My experience with NYC first began as a young CIA officer, learning tradecraft. We'd fly to NYC, have a time to redezvous with our target who wouldn't know us but would be appropriately stationed at a certain location. Within a fiftenn minutes window the tracking would begin. It was great fun and we always got busted by the "old hand" who knew how to detect a tail.
After that there were many trips to NYC for various reasons.
Life after the NYC CIA experiences of the 1970's turned to Wall Street firms during the 1990's. At that time I had an apartment immediately next door to the World Financial Center with a picture window view of the Hudson River and the harbor behind WinterGarden. Mornings would find me with a bagel and coffee at the window, using the sill as a heel hold for my morning stretching. The some Tai Chi. That lasted two months. Itook full advantage of that Fall season, a most wonderful time in NYC to cover as much of the sights I could fit into a weekend. Being avocationally an historian I relished in walking in the places where Washington and the rest had tried to defend Manhattan.
To me NYC is a memory of smiles in my life with one tragic exception. While hiking in Yellowstone on 9-11-02 I learned that the WTC buildings were no more. It was a horror I still cannot comprehend and it fills me the rage I felt as a young US Marine and CIA officer in Vietnam. It was ten hours after I heard about the attack before I saw the tape. I wanted to be 20 again. Not for the girls or simply the youth. I wanted that age back to seek out and kill those who had done that dastardly work. I would kill them today if age were not a barrier to service.
But NYC was for me, in my life a wonderful place. I have always felt that some portion of ones life should be spent on those lovely Autumn days in NYC.
Very engaging post, habu. It is for a fact still a gut-punch to think of that event 9-11-01 event. Still unbelievable, otherworldly, and a casus belli now and forever if that's what it takes. I heart NYC, too, even if it did put Hillary in the senate.
Congrats to BD and LS for getting the offspring in shape to take flight so strongly. Three cheers--it is a lifelong task, a serious matter.
Thanks. But what we mostly did was stay the h*ll out of her way.
By the way, I asked her if she had had to do the stuff Bainbridge pointed to, this is what she said:
I never had to or did, for that matter, but they also teach it in law school sometimes. Some of the manners are quite basic, and while it is sad that you have to teach them, you can't blame the kids. Some of the manners are quite complicated, actually (like how to properly eat soup), and I do not recall learning that growing up, as well mannered as we were.
[Editor's note: she also terminated a successful career-in-progress in hospitality management, which involves among other things training the servers and such at those fine-dining places.]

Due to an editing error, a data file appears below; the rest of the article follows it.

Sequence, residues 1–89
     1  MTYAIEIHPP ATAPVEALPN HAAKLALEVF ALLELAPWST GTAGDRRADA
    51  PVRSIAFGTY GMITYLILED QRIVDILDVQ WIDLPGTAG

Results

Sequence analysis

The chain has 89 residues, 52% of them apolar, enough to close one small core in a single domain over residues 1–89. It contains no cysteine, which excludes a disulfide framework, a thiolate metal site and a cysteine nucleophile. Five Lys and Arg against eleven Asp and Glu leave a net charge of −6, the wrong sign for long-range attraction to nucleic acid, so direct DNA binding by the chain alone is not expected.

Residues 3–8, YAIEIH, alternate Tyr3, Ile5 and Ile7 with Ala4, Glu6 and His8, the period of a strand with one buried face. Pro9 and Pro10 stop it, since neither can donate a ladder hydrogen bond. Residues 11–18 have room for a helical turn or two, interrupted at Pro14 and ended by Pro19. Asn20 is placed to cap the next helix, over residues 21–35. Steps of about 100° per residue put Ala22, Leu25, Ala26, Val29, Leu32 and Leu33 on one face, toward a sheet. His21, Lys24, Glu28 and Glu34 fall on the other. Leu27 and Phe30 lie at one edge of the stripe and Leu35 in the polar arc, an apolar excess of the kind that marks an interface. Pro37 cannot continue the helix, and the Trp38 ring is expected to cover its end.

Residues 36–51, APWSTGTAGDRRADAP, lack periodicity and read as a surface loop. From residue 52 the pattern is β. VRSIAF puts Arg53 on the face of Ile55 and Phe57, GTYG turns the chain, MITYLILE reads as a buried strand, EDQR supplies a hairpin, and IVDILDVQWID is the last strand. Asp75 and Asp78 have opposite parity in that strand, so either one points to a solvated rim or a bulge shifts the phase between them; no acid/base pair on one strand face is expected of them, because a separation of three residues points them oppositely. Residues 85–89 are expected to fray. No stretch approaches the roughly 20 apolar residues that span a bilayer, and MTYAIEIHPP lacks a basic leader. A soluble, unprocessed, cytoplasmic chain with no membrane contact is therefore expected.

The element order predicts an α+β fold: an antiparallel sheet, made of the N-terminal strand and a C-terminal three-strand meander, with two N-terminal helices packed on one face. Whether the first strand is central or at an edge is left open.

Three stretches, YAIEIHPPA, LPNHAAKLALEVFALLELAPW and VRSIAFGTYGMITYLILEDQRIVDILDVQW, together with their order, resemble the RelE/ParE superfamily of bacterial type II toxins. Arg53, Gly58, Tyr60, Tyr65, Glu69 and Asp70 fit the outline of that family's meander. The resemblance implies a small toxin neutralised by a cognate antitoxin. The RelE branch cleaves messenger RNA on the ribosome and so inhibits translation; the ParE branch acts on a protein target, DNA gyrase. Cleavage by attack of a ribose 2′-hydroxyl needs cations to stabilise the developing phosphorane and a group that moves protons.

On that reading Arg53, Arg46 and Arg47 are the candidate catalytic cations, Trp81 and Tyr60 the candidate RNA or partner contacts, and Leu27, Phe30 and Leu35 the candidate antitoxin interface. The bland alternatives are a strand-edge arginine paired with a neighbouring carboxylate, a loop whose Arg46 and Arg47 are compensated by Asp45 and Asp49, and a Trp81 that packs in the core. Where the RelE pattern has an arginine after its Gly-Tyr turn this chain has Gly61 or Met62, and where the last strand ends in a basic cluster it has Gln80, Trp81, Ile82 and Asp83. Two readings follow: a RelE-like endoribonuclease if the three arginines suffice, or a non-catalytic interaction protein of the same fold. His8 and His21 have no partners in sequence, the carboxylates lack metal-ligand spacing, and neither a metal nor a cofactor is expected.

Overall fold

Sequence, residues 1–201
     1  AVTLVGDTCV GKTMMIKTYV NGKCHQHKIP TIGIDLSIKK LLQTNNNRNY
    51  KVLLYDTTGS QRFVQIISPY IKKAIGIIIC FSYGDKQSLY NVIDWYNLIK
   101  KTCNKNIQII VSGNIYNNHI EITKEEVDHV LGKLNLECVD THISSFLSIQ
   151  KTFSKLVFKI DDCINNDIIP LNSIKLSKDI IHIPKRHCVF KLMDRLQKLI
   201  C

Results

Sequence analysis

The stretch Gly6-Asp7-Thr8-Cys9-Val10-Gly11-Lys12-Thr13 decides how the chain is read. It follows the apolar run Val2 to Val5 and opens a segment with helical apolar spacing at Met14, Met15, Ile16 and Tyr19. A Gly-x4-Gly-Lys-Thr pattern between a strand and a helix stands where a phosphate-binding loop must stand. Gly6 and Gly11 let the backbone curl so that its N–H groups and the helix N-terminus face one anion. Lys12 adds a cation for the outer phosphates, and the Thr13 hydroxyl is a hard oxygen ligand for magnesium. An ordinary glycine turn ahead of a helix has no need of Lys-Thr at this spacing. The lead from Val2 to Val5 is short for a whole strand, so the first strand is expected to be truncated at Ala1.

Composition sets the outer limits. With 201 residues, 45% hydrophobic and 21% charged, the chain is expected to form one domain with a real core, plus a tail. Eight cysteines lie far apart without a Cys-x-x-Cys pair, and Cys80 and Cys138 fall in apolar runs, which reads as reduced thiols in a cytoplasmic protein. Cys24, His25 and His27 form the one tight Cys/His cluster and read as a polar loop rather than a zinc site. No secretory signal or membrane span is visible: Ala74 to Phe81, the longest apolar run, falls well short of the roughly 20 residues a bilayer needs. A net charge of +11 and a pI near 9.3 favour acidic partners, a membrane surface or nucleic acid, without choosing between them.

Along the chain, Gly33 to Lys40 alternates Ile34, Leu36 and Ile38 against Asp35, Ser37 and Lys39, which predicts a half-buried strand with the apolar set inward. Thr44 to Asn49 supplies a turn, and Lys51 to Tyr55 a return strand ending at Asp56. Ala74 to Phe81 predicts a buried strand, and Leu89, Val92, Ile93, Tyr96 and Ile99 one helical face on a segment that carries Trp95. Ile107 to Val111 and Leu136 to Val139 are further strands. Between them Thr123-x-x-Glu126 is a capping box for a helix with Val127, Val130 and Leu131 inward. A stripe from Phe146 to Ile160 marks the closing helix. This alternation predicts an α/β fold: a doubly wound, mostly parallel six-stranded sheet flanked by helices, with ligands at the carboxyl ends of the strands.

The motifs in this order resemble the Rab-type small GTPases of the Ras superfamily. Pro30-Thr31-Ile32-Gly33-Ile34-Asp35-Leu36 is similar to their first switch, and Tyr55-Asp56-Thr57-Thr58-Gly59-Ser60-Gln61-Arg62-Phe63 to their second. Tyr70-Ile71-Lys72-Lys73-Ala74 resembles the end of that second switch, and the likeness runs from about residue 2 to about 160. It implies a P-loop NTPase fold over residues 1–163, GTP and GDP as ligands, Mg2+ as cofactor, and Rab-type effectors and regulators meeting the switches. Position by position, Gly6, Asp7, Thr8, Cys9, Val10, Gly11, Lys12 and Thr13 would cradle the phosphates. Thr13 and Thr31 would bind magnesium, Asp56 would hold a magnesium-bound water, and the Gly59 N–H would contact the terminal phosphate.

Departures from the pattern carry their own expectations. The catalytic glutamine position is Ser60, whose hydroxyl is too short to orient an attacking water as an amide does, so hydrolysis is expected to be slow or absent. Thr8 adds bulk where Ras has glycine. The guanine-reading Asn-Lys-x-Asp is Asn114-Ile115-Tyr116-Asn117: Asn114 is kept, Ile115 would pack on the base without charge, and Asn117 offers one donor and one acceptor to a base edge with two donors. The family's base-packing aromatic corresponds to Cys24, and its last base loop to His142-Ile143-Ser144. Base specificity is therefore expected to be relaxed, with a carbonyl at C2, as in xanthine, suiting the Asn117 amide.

I tend to agree that it is a sign that membership in so-called silk stocking firms is no longer limited to the East Coast elite. (I have never quite figured out what "silk stocking" means (or "white shoe"), but my understanding is that my firm was formed as a meritocratic alternative to that, whatever it is, although we are still called it on occasion.)
"White shoe" and "silk stocking"?
What is means is this: If you have to ask, you aren't in the club!
Basically, it means Social Register.
Well that would certainly be us. (We come from the West, and we never had much truck with that stuff.)
Ohhhh math--ahh the beauty of it! Not just the doing of numbers--but the payback.
Congratulations dad and daughter.
PS There is a relationship between math and art
Math is art.
Math describes everything, including art.
If you can't explain it using math (what every "it" turns out to be), you don't understand it.
I've read all those and more somewhere.
I have no idea what they mean.
What they mean is, some people are smarter than you and me.
OK Dad: you are too smart to let her commit to a rental payment of $3800 +/- a month. Get in there and help her get started on owning her own--shhez!
Good Lord --you can buy whole counties in West Texas for $3800.
At one time (1982) you could have bought Midland and Odessa for that much!! ;-)
BD: yes, I know about room mates. How about this--you and daughter buy a condo--she rents a room to a room mate and takes in some cash to supplement the payment?
I know, I know it is too soon. You are wise to hesitate. It's just that dang price tag is outrageous compared to rentals in the rest of the country--I think?
Buddy: In 1982 there was a fajita place in Lubbock. It was in an old gas station--really old. Nothing boutiqueey about this. Yesterday it was a gas station --today it sells tacos. Surrounded by hot black top, they had put up a few tables with umbrellas! Two coronas and an order of Fajitas did me in for the rest of Saturday afternoon!
Pish tosh on the Social Register. To be registered like a cow or other farm animal is not exclusivity.